The first time I mentioned stringing with lasers, I used laser levels with gratings that fan the laser light out across a plane.  The fact that these lasers were attached to levels was irrelevant, except that I had a pair of them in my workshop and they had 1/4″x20 threaded inserts that allow them to be mounted on tripods.  So, I mounted them on some small tripods and then went through the laborious process of adjusting the light planes to be vertical and parallel to each other.  It’s a great idea, and better than tripping over strings stretched between jack stands, but the alignment process is still quite a pain!

Lasers Mounted on a 2x4

I mounted my laser levels to a 2×4 in order to ensure that they would remain aligned relative to each other.

Shortly after I wrote that article, I got a crazy idea and bolted both laser levels to a 2×4.  This would ensure that they would only require, at most, very small adjustments in the future (due to warping wood, or getting bumped around in the shop).  However, this was still a huge improvement in shortening my setup time.  Note that the calibration process mentioned below would work for any material that one might choose to use.

Realizing that wood isn’t the most stable, sturdy platform in the world, I chose to make a new alignment device from pieces of steel.  I would gain more assurance that there would be no changes in the alignment between the lasers from one alignment session to the next.  I would still do a quick check, though, to be sure!

Tubing Welded Together

Two 4′ pieces of 1″ square tubing were welded to each other, in order to get an 8′ long piece. The angle iron reinforcement at the center was also used to mount the level.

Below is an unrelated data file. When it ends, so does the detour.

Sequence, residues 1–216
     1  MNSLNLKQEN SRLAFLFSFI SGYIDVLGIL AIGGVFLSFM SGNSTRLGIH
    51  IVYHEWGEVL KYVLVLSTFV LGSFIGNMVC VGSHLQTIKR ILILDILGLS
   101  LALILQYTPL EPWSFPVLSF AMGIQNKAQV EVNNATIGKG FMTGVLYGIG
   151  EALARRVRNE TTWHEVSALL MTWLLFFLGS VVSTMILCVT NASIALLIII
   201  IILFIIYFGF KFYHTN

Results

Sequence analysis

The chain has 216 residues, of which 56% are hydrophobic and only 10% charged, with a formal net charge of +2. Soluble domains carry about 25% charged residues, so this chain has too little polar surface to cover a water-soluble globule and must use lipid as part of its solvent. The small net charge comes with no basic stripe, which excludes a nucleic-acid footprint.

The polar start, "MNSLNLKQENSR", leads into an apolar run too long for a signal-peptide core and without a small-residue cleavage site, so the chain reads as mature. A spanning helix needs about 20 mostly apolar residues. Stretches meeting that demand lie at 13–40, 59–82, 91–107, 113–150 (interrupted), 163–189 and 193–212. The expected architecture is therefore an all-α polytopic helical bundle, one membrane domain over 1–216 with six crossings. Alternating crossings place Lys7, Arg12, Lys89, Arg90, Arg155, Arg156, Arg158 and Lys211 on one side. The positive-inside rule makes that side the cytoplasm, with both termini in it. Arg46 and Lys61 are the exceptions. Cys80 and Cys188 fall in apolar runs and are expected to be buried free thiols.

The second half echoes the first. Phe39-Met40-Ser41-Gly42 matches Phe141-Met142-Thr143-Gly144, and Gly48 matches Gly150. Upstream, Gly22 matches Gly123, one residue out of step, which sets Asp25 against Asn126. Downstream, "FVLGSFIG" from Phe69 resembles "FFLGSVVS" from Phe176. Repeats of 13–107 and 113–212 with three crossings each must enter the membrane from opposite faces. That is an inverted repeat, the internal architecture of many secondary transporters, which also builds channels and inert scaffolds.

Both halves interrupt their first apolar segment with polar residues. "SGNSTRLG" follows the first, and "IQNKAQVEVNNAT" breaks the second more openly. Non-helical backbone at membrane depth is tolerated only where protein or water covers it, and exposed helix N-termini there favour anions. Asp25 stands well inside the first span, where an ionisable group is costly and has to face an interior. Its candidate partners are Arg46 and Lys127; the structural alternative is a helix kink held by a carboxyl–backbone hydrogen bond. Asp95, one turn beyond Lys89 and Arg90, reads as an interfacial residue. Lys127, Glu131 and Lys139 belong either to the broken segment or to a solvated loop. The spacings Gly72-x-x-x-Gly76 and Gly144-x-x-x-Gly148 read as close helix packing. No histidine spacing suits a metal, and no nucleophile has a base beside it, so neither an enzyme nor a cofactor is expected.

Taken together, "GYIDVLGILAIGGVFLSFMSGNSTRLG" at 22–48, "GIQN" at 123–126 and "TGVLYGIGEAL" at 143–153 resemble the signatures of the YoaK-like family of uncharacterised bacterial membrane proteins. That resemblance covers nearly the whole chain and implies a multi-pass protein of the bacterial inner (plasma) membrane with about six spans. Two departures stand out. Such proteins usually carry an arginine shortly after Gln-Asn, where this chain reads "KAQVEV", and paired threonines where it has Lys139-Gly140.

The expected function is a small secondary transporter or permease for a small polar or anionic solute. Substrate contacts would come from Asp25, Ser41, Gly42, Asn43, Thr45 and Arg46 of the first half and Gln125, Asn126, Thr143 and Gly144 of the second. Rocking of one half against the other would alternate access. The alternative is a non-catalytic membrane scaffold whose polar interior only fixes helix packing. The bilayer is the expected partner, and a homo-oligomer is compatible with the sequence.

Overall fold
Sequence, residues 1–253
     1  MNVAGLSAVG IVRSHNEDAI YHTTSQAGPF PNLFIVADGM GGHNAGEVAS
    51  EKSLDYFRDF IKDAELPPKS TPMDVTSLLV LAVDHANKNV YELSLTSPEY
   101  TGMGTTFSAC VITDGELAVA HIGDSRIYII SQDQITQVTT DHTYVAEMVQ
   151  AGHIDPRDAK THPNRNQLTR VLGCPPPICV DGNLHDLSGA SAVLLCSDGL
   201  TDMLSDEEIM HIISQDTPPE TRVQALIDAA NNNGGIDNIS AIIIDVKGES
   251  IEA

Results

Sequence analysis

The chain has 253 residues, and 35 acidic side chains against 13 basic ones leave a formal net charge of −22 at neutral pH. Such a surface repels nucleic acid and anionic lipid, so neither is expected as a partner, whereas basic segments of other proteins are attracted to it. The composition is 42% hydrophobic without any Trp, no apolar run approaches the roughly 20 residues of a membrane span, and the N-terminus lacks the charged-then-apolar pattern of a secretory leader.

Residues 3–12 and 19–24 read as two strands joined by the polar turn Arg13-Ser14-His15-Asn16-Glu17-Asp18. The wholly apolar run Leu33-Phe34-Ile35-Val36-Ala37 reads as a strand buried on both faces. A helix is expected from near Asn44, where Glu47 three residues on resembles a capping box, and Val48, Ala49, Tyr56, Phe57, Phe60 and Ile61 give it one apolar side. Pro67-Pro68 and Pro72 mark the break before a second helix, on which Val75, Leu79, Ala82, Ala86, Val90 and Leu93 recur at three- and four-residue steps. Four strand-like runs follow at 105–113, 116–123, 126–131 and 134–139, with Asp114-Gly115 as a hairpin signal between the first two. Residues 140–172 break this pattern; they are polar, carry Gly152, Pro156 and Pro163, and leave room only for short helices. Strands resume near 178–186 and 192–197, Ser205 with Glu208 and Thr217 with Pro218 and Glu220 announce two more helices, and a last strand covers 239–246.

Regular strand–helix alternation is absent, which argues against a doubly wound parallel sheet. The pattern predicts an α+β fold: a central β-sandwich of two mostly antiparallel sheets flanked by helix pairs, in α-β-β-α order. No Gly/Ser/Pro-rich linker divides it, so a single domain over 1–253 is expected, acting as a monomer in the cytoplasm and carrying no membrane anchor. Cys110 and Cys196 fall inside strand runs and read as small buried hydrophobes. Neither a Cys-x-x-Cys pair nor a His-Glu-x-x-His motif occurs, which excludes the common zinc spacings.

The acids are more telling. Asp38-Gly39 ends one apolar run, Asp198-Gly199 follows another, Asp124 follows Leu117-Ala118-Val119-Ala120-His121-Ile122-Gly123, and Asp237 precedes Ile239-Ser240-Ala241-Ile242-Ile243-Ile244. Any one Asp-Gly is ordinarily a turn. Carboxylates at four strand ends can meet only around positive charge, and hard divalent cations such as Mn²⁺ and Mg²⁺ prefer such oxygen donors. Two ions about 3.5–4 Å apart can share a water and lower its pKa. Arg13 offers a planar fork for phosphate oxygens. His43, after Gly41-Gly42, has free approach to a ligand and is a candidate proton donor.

I had two 1″ square pieces of steel tubing that were each 4′ long.  I really wanted an 8′ piece of tubing, so I butt-welded them together and reinforced the center where they met with a piece of angle iron.  The angle iron wrapped around the square tubing.  In addition to reinforcing the steel tubing, the angle iron gave me a convenient place to mount a level.  I didn’t worry about getting the tubing perfectly straight, or ensuring that the angle iron reinforcement would be perfectly parallel to the tubing.  All of this would come out in the wash when the lasers were adjusted and the setup was calibrated.  The important thing was that the connections were solid and weren’t going to move.

Feet Welded On

A foot was welded onto one end of the tubing. Also, 1/4″ holes were drilled in the tubing on both ends to mount the laser levels with 1/4-20 screws.

On both ends I drilled a 1/4″ hole at 1″ from the end.  These were to mount the laser levels.  Later I measured from one level to the other and found out that the actual distance between the lasers would be 93 15/16″  I made note of this for calibration purposes later.